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Empirical Findings: Transnationalism and Integration in Europe

Transnational scholarship developed in the USA earlier than in Europe. Much theory in this field is therefore based on the experiences of US immigrant groups that navigated in a context that is very different from the European (cf. Martiniello and Lafleur 2008). European research on transnationalism has matured during the past decade; this section takes stock of the recent empirical studies of economic, political, and sociocultural transnationalism. The field incorporates studies with a range of research questions and aims, a diversity of countries of origin and destination, and a variety of methodologies, from ethnography to surveys. Studies focus on a single ethnic group or are comparative in nature, focusing on one or more aspects of transnationalism. Authors agree that it is problematic to propose a causal relation between transnationalism and integration. For instance, following Kivisto (2001) and Vertovec (2009), Bivand Erdal and Oeppen (2013, 873) argue that a positive relationship between the two could be the result of the confidence migrants gain from social interaction, either transnational or not, which then becomes self-perpetuating.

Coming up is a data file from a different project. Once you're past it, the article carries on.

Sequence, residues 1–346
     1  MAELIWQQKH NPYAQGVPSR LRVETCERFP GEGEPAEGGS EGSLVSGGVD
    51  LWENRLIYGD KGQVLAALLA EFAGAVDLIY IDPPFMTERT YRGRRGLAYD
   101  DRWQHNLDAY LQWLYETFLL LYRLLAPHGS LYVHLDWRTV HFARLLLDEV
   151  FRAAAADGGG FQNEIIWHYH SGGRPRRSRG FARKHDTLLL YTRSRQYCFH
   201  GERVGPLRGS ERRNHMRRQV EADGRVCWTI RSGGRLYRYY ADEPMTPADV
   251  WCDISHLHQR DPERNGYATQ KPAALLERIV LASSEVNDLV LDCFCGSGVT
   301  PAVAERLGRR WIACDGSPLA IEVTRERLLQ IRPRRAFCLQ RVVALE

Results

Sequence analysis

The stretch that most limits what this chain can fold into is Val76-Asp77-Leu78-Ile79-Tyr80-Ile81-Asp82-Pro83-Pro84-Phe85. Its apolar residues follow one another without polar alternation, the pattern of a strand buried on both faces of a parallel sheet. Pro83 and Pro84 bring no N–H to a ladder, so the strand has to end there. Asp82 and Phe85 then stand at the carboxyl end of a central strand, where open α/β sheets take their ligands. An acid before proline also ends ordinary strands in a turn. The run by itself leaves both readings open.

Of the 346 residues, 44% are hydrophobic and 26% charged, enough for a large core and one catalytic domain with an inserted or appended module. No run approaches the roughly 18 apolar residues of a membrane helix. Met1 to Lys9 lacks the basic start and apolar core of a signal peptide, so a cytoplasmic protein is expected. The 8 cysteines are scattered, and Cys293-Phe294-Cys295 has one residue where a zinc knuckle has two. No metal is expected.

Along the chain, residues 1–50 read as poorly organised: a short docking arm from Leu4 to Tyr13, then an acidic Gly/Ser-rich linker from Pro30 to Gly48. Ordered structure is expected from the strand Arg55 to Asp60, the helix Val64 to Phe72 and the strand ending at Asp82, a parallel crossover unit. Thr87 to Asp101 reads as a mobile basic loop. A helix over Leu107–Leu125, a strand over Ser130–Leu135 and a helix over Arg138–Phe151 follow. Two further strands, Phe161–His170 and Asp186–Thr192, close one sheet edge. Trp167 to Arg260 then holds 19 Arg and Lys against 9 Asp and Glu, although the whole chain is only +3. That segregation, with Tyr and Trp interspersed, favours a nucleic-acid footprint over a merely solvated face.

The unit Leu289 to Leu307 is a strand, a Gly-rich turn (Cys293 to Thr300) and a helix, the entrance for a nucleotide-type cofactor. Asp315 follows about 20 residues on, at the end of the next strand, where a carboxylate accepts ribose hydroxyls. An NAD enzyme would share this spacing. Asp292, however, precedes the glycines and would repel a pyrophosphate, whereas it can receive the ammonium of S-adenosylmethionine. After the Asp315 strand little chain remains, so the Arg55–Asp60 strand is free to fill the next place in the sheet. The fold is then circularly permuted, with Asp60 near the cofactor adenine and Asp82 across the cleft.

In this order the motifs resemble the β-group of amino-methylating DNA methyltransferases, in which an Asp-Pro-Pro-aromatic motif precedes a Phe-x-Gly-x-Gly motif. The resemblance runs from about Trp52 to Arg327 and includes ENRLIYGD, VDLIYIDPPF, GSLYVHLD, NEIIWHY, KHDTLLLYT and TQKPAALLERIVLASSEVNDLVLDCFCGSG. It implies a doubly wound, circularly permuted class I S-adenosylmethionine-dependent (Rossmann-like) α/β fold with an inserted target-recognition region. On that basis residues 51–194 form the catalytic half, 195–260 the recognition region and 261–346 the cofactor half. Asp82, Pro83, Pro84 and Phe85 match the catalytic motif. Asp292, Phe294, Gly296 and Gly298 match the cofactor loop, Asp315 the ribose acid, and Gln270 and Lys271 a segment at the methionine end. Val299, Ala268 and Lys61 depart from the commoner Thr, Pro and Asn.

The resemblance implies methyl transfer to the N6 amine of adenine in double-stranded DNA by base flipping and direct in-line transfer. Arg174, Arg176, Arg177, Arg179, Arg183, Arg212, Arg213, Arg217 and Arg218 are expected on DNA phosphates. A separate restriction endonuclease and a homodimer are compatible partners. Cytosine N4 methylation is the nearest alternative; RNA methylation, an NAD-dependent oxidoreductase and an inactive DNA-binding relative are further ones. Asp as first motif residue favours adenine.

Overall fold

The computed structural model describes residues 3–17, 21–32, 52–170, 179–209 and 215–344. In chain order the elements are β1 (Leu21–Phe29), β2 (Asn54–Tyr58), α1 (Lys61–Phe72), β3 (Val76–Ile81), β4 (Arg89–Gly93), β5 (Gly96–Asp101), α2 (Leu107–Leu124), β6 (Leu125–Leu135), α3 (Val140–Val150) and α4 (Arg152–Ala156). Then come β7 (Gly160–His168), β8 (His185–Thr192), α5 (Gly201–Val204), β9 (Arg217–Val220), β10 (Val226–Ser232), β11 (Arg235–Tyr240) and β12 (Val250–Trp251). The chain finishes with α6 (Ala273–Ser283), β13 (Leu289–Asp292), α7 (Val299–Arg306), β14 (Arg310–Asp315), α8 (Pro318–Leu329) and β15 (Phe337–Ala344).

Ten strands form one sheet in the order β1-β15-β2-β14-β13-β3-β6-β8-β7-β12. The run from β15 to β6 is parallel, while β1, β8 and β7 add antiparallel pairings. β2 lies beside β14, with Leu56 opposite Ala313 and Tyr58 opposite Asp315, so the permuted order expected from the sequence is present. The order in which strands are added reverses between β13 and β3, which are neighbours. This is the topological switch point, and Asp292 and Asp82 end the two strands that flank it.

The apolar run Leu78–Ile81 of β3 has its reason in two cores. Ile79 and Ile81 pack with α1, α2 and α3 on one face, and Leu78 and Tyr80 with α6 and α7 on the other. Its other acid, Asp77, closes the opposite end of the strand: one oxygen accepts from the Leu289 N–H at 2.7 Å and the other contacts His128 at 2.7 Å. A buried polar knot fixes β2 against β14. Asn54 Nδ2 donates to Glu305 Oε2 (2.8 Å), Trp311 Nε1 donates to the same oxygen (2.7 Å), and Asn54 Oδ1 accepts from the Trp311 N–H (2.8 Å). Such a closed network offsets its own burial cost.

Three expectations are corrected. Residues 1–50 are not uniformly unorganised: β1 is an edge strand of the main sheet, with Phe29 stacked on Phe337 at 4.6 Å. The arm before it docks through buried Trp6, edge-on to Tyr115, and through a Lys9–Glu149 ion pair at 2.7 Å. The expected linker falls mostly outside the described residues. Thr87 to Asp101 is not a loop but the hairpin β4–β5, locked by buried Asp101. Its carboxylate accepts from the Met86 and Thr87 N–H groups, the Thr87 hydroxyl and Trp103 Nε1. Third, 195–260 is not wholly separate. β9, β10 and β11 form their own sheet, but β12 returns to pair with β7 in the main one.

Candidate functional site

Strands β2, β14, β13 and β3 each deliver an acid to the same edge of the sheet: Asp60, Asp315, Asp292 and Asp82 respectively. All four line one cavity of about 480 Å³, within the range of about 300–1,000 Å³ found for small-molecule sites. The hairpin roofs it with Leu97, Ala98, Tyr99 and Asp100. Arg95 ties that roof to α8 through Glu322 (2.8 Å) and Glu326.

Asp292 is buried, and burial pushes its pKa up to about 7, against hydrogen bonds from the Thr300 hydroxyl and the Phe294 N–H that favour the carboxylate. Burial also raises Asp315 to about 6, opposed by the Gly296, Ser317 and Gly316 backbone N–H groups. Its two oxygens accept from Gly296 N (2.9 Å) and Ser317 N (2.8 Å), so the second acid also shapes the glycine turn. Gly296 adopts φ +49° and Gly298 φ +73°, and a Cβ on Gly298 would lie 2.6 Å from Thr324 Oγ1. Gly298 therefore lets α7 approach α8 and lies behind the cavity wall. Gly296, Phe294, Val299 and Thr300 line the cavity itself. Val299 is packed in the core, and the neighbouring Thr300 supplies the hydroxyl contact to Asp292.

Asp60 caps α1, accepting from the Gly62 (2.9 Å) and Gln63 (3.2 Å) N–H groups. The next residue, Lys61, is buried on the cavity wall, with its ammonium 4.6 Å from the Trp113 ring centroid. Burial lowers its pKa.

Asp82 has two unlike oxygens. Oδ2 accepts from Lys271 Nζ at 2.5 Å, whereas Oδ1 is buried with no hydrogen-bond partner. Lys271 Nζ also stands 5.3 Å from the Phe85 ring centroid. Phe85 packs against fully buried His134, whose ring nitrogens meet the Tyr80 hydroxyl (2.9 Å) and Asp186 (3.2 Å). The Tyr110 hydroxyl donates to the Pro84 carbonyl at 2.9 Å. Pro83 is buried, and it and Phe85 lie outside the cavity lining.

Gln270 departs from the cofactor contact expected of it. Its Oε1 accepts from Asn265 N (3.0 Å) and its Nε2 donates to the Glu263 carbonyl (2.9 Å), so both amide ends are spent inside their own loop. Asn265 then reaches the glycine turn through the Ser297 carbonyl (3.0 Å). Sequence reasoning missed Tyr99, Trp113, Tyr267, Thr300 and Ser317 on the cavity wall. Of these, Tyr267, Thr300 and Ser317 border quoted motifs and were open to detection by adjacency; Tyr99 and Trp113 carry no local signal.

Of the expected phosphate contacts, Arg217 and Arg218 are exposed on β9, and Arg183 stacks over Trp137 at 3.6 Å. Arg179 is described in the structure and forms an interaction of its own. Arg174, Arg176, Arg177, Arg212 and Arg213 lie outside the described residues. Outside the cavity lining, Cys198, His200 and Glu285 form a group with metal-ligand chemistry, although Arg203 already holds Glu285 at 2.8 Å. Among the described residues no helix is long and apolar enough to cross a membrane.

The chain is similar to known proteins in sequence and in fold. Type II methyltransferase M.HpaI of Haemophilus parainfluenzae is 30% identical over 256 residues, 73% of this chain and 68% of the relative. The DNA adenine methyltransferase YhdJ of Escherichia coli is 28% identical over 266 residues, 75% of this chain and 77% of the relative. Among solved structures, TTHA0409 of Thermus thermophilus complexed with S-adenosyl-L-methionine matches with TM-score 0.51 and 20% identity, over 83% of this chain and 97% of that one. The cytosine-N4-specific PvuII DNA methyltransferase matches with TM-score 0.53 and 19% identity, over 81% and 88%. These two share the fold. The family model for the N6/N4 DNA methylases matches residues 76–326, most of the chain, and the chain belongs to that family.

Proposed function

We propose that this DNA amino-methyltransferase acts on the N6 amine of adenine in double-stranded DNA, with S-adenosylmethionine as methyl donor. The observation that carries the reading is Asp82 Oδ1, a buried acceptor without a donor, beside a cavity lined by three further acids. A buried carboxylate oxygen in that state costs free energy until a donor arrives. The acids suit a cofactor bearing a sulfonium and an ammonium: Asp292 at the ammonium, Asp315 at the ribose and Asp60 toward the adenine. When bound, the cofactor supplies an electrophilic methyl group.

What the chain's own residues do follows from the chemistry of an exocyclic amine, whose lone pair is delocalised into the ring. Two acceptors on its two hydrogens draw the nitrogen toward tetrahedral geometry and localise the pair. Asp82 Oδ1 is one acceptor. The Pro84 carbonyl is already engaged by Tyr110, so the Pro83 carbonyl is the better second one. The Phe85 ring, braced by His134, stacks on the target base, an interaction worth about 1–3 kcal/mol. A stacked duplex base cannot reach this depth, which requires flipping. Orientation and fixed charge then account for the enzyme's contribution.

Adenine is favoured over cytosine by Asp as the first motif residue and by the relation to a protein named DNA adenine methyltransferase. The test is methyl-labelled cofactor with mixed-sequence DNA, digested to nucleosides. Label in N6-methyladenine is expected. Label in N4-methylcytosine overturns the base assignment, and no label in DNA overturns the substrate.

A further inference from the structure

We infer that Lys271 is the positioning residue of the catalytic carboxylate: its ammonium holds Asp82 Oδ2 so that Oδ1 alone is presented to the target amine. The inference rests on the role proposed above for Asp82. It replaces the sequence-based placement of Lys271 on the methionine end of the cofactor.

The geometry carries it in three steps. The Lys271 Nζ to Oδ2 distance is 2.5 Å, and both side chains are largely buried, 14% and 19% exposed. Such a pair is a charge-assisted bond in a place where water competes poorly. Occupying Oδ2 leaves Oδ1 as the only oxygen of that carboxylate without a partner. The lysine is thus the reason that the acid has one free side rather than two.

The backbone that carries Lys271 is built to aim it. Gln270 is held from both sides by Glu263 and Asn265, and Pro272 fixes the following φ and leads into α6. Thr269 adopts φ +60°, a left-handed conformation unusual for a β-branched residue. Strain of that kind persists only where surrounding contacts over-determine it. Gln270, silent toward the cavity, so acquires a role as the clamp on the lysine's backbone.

Instead of looking for causality, this chapter presents an organized inventory of findings directed by the question of how integration and transnationalism might influence one another. Where studies have differentiated types and forms of transnationalism, this is taken into account. Despite tremendous variation in the studies reviewed in this chapter, most if not all point out the need to be attentive to diversity in transnationalism and integration: who—in terms of characteristics such as socioeconomic status, educational level, gender, ethnicity, religion, and migration motives—is involved in transnationalism, and who is not (cf. Mügge 2011)?

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